2005 – Moved to Canada
2009 – Applied for Canadian citizenship
2010 – Became Canadian
It took me ten years to become a Canuck so I appreciate my certificate of citizenship (signed personally by Jason Kenney), perhaps more than people who were lucky to be born in Canada.
My co-workers at Daily Planet keep saying “Welcome to Canada” (I mean, what else do you say to someone who just got their citizenship? “Happy Canada Day”? “Happy Canadian Day”?) and my friends ask me “how was it” so this is a post dedicated to the details of the not-so-glamorous process of becoming Canadian.
After I completed my “time” as a permanent resident in Canada, I applied for citizenship. I applied in May 2009 and heard nothing from them until January 2010 that they had started working on my application. And then my permanent resident card expired. I didn’t re-apply because, why would I? I was going to be a Canadian soon. Ah well, not so soon. For almost a year I was passport-less, permanent resident card-less, stuck in Canada, hadn’t shopped at Buffalo, bitter, little immigrant.
And then, one fine day when the sun shone bright… (I actually don’t remember the weather that day) I got a letter telling me to come take my test for Canadian citizenship. Having been to school in Canada, I was confident I would nail it until I discovered how much about the history (and military history) I needed to know. The night before the exam, I studied. The day of the exam, I was irritated to have to wait an hour and a half to write an exam that took me five minutes to complete (the officials had to verify every applicant’s papers – that’s what takes so long).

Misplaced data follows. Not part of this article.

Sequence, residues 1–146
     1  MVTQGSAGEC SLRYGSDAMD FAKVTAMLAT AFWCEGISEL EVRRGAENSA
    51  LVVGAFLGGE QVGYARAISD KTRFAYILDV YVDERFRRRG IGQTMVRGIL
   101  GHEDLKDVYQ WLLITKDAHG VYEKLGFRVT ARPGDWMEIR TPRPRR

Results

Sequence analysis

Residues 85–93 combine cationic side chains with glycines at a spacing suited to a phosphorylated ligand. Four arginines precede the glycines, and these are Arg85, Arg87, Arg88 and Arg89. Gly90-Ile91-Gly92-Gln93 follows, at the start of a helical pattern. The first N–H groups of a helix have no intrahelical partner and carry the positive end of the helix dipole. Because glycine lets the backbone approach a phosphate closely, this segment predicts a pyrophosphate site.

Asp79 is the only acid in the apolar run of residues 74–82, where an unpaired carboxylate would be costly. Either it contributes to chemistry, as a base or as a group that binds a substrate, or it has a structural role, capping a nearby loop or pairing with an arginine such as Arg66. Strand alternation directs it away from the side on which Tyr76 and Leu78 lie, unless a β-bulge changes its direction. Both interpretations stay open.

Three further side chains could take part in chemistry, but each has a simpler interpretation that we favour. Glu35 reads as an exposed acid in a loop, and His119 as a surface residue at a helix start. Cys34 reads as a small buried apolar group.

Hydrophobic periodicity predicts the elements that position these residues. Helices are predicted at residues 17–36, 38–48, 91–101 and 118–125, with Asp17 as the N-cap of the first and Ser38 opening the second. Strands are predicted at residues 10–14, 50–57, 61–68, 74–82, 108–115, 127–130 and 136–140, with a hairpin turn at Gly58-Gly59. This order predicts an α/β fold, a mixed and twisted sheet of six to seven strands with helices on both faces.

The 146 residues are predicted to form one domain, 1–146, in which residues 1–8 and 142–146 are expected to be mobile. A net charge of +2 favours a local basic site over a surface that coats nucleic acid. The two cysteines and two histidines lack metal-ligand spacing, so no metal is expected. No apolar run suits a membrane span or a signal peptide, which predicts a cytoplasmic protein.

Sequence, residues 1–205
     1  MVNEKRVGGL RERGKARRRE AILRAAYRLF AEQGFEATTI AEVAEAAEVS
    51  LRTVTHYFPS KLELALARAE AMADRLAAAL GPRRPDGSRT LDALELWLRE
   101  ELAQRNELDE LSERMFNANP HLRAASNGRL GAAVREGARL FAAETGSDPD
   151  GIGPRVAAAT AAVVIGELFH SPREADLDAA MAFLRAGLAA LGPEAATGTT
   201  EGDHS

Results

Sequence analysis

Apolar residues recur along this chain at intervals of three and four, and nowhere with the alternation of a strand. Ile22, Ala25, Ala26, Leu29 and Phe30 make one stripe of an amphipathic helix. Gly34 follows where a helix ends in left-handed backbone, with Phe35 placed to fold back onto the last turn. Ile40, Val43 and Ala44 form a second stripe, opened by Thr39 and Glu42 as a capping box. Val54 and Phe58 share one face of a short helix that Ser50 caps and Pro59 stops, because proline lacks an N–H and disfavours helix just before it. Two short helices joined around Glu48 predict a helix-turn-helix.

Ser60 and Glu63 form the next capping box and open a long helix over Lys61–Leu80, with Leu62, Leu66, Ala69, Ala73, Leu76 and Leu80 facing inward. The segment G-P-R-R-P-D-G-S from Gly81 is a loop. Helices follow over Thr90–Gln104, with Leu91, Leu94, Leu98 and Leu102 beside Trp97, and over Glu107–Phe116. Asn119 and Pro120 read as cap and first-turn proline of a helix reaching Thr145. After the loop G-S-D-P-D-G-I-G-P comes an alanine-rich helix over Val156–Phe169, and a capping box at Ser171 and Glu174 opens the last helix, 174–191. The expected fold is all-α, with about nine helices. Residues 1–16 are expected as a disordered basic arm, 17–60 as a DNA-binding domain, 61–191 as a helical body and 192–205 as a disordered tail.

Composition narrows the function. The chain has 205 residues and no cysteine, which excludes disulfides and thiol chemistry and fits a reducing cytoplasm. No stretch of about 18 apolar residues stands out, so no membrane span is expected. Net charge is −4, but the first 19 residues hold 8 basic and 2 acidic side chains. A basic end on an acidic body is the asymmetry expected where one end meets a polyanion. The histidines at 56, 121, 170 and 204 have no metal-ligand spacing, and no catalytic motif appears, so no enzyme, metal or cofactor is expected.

At the exam they told us it would take 3 to 4 months to get a date for the oath of citizenship but to my pleasant surprise it only took a little over a month.
My swearing in ceremony was on November 30th. A large crowd of people assembled in the ceremony room, most of them Indian and Pakistani – surprise! The judge talked about the importance of being Canadian, encouraged everyone to vote, and learn French, and volunteer. Then we all swore our loyalty to the Queen and her heirs and successors, following which we went up and received our certificates, and took photos with the judge. Then we signed a document confirming we swore our loyalty to the Queen. After everyone was done getting their certificates and signing, we all sang O Canada, loud and proud (at least I sang it loud and proud).
And that, my friends, is how I became Canadian. What am I looking forward to now? My dearest Jean-Francois Taylor said it best on my Facebook wall:
“Roop, you will very soon be a full fledged member of the land of beavers, moose, forests, fresh water, maple syrup, poutine, red and white, hockey, curling, the expression “EH”, beaver tails (mmmmmm), snow, loonies and toonies, gold medals aaaaand the zipper! (Yes, the zipper is Canadian)
Oh oh, last but certainly not least, you will now be able…. to vote!“